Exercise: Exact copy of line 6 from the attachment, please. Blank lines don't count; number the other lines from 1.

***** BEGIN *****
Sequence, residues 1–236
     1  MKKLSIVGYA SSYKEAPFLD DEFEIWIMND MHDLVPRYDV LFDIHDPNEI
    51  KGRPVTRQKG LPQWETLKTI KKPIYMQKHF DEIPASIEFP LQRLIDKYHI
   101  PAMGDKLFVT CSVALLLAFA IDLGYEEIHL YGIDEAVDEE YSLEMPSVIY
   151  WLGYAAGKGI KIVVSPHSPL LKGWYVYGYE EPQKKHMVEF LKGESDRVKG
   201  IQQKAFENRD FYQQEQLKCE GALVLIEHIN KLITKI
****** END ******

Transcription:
   201  IQQKAFENRD FYQQEQLKCE GALVLIEHIN KLITKI